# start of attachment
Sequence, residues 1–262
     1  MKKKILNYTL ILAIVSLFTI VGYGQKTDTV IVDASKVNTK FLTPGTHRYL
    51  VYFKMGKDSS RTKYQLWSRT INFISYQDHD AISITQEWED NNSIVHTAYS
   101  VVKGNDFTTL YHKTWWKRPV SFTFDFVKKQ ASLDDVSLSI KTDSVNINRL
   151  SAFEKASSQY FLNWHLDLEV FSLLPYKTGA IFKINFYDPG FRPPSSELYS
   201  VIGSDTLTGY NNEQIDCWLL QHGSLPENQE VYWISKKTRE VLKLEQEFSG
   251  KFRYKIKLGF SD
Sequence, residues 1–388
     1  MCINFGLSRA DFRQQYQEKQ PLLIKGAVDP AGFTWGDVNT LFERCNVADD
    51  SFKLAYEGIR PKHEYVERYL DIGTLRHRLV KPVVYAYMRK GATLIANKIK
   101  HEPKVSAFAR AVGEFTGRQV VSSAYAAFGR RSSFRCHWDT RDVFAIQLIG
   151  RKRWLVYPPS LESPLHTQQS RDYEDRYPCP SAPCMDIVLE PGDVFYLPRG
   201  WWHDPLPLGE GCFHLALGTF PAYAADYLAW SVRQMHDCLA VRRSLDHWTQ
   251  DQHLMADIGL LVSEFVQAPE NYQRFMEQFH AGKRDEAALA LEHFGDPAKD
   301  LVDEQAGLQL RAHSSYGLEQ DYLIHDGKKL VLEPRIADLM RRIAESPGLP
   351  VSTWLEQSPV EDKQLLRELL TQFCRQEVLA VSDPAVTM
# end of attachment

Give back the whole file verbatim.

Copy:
Sequence, residues 1–262
     1  MKKKILNYTL ILAIVSLFTI VGYGQKTDTV IVDASKVNTK FLTPGTHRYL
    51  VYFKMGKDSS RTKYQLWSRT INFISYQDHD AISITQEWED NNSIVHTAYS
   101  VVKGNDFTTL YHKTWWKRPV SFTFDFVKKQ ASLDDVSLSI KTDSVNINRL
   151  SAFEKASSQY FLNWHLDLEV FSLLPYKTGA IFKINFYDPG FRPPSSELYS
   201  VIGSDTLTGY NNEQIDCWLL QHGSLPENQE VYWISKKTRE VLKLEQEFSG
   251  KFRYKIKLGF SD
Sequence, residues 1–388
     1  MCINFGLSRA DFRQQYQEKQ PLLIKGAVDP AGFTWGDVNT LFERCNVADD
    51  SFKLAYEGIR PKHEYVERYL DIGTLRHRLV KPVVYAYMRK GATLIANKIK
   101  HEPKVSAFAR AVGEFTGRQV VSSAYAAFGR RSSFRCHWDT RDVFAIQLIG
   151  RKRWLVYPPS LESPLHTQQS RDYEDRYPCP SAPCMDIVLE PGDVFYLPRG
   201  WWHDPLPLGE GCFHLALGTF PAYAADYLAW SVRQMHDCLA VRRSLDHWTQ
   251  DQHLMADIGL LVSEFVQAPE NYQRFMEQFH AGKRDEAALA LEHFGDPAKD
   301  LVDEQAGLQL RAHSSYGLEQ DYLIHDGKKL VLEPRIADLM RRIAESPGLP
   351  VSTWLEQSPV EDKQLLRELL TQFCRQEVLA VSDPAVTM